Sunday, February 10, 2013

Apple Illustrates the Difference in Effort Needed To Increase Sales in Different Markets

In the United States, Apple's iPads are fitted with Bible applications to allow government employees to take oaths in connection with promotions, and are physically reconfigured for high-security use in federal facilities. Neither of these will have meaningful effect on American iPad sales.

But, look at a less mature market for Apple's products, and things change.

In India, a combination of advertising increases and hardware financing grew Apple's India businesss 400% within three months. When Apple arrives with a lower-priced handset, the addressable market in India and China will increase again, with predictable impact on unit sales and thus profit.

China and India both dwarf the United States in population, and the Chinese middle class is larger than the entire population of the United States. The fact that Apple continues to enjoy >100% growth in China is outstanding. The Jaded Consumer site stakes its prognosticatory reputation on China exceeding the United States as a source for Apple revenue in 2013. Apple and Android shared 98% of China's smartphone market in the last quarter of calendar 2012 – with Android dominating, especially in non-urban areas. With 53 million smartphones sold in China during the period (up 64% y/y), Apple's iPhone 5 alone accounted for roughly 4% of China's cell phone sales in the quarter just on its launch weekend (over 2m units, excluding iPhone 4S and iPhone 4).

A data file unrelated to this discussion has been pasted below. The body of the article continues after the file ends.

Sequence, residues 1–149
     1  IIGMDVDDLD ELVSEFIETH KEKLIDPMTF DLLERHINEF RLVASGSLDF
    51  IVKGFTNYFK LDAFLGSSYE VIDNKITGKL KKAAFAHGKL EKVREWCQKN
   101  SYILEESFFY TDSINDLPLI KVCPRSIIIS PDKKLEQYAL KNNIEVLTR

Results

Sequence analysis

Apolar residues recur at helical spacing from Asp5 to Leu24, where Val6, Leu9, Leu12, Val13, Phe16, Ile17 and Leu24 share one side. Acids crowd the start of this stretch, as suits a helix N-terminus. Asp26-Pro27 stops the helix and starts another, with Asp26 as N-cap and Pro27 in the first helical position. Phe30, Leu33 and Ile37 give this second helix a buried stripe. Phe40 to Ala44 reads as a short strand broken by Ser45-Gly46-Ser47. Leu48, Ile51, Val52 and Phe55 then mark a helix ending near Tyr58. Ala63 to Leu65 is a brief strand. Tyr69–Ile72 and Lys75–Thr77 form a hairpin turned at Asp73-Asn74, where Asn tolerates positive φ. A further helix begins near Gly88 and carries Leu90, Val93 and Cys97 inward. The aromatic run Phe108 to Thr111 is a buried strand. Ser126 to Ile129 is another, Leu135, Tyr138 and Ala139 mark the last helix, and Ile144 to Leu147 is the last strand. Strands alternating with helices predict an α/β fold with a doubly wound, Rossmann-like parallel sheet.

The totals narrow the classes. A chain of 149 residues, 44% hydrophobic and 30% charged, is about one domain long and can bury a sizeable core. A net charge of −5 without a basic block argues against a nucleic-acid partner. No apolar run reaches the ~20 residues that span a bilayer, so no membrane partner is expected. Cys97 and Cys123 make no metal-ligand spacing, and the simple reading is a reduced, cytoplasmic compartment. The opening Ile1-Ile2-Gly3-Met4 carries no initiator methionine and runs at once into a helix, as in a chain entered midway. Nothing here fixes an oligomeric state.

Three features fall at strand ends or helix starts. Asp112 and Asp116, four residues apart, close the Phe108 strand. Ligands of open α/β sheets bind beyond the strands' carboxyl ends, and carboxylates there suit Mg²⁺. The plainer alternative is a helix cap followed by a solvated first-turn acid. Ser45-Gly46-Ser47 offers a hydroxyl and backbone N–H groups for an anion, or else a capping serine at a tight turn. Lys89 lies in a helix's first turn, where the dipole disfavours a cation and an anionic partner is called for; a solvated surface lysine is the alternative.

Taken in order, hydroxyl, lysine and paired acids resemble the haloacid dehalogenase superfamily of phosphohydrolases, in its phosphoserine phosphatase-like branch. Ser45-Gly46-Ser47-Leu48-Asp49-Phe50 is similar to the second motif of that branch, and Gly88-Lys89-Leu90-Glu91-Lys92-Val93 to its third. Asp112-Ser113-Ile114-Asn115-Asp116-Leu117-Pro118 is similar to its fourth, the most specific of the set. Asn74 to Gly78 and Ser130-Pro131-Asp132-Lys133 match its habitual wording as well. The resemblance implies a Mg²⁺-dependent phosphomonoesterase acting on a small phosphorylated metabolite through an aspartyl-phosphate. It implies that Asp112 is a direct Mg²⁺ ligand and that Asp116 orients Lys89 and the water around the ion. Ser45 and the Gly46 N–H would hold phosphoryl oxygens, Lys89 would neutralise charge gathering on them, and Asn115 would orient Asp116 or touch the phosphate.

Apple's new geographic breakdown aggregates the United States into an "Americas" segment that includes two continents, so direct comparisons are hard to make – but Apple's performance in "Greater China" rose from 9% of Apple's revenues to 13% of Apple's revenues over the year leading up to the last quarterly results.  (The rest of Apple's Asia Pacific region yielded 8% of Apple's revenues, up from 7% the year before.)  As Apple approaches India with greater seriousness, its platform's language support will be a great asset: India has hundreds of living languages.

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